Brian O'Neill: Rail ridership is up — what's lacking are frequent trains
November 15, 2015 12:00 AM
The Pennsylvanian, an Amtrak passenger train line that runs between Pittsburgh and Philadelphia, goes around Horseshoe Curve in Altoona.
By Brian O'Neill / Pittsburgh Post-Gazette
Like the 1,000-plus drivers slowing ahead of me, I figured the best way to head east across town about 3:30 p.m. Thursday was the Parkway East, and so was stuck in a one-to-a-car conga line, a long-held American tradition that seems to begin earlier each afternoon.
I called the guy waiting to meet me a couple of miles ahead on Murray Avenue and said I’d be about 10 minutes late. The irony was he leads a group looking to give Americans more choices in the way we get around.
Michael C. Alexander heads Western Pennsylvanians for Passenger Rail, a group small enough to hold its meetings in the Squirrel Hill branch of the Carnegie Library and not bother anyone. The occasion for our meeting was the recent passage in the House of a six-year transportation bill that does little more than maintain the status quo — and without funding its final three years.
House and Senate leaders hope to hash out the differences in their respective packages and send President Barack Obama a final bill before Thanksgiving. But the acronym for the Senate bill, DRIVE, is something out of an OPEC dream and all you need to know about how tough the climb is for rail advocates.
Still, for those who think options beyond driving should be entertained, “it could have been worse’’ has become something of a victory cry. Mr. Alexander helped start his group in 2009 with others who didn’t think membership in the National Association of Railroad Passengers was enough. The group helped save The Pennsylvanian, Pittsburgh’s lone daily train to Harrisburg, Philadelphia and New York, when its continued operation was imperiled in 2013.
Funny thing about train service in Pittsburgh is that, as infrequent as it is, ridership keeps going up. People keep voting with their feet to get off their feet and take the choo-choo. Arrivals and departures from the Pittsburgh station have gone from 125,200 in fiscal 2012 to about 149,600 in fiscal 2015. It was the third straight year ridership rose.
About two-thirds of Pittsburgh’s Amtrak riders take the Pennsylvanian, with the top destinations New York and Philadelphia. The other third of the ridership is on the Capitol Limited, which arrives here in the daily darkness on its way from Washington to Chicago and vice versa. Despite leaving at midnight, the Chicago train is our station’s most popular.
Of the 535 Amtrak stations, Pittsburgh is 68th busiest, which is more a measure of how poor train service is in most of the country than how good it is here. East from Harrisburg, there are dedicated Amtrak lines so busy that more than 500,000 arrive or depart annually in little Lancaster and more than 4 million in Philadelphia.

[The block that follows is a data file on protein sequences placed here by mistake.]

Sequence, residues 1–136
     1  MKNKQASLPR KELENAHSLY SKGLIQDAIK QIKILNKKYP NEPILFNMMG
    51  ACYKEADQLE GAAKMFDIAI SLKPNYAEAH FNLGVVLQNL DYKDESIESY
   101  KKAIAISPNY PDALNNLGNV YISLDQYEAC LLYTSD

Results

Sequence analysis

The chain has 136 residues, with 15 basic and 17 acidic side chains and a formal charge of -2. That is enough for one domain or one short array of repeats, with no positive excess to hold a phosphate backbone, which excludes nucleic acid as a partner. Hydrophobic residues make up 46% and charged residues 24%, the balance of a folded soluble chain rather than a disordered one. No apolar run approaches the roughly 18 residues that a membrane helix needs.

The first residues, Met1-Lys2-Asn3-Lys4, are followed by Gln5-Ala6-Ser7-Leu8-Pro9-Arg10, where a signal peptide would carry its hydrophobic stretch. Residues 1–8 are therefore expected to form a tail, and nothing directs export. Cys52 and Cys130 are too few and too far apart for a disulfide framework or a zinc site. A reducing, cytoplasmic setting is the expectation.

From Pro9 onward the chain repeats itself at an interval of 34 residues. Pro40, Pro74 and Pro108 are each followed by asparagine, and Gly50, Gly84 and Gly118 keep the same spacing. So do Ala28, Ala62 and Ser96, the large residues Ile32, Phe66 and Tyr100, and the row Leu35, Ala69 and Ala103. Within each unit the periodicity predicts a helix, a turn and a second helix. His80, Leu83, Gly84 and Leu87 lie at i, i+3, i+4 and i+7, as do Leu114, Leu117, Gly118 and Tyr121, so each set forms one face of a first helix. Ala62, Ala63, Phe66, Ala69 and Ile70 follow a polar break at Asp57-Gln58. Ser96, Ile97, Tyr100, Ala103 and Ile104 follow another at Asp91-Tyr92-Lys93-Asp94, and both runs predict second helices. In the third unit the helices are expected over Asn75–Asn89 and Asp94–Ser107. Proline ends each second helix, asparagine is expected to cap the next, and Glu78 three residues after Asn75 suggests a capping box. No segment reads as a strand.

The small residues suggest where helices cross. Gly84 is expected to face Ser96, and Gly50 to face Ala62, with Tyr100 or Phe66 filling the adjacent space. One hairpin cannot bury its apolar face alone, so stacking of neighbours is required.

Mr. Alexander, a retired history professor, has an office in the Born Building above the 61c Cafe. He figures he devotes about 75 percent of his time to researching and writing about Roman history and 25 percent of his time to advocating for trains. He sees states such as Virginia and North Carolina putting more resources into passenger trains and sees no reason Pennsylvania can’t.
Adding two daily round trips to New York City is what his group, Mayor Bill Peduto, Allegheny County Executive Rich Fitzgerald, the Westmoreland County Commissioners and more than 10 other organizations advocate. If the national transportation bill shows anything, it’s that all forms of transportation are subsidized, including driving. The cost to Pennsylvania for two additional eastern trains should be the equivalent of a few miles of paved road.
Yet few even understand how uneven the rail service is in this state. The fact that there’s only one train to Cleveland each day, and it leaves at midnight and arrives around 3 a.m., wouldn’t just boggle the mind of a European. It would stun anyone living between Harrisburg and Boston.
Politicians pay attention to two things, money and votes. Those who think Western Pennsylvanians for Passenger Rail are on the right track can find them at wpprrail.org (that’s two p’s and two r’s) or by writing Michael Alexander at 1831 Murray Ave., Suite 217, Pittsburgh, PA 15217-1656.
He says the organization asks a $25 membership fee but not everyone pays. Rail money is always hard to come by.
Brian O’Neill: email@example.com or 412-263-1947.
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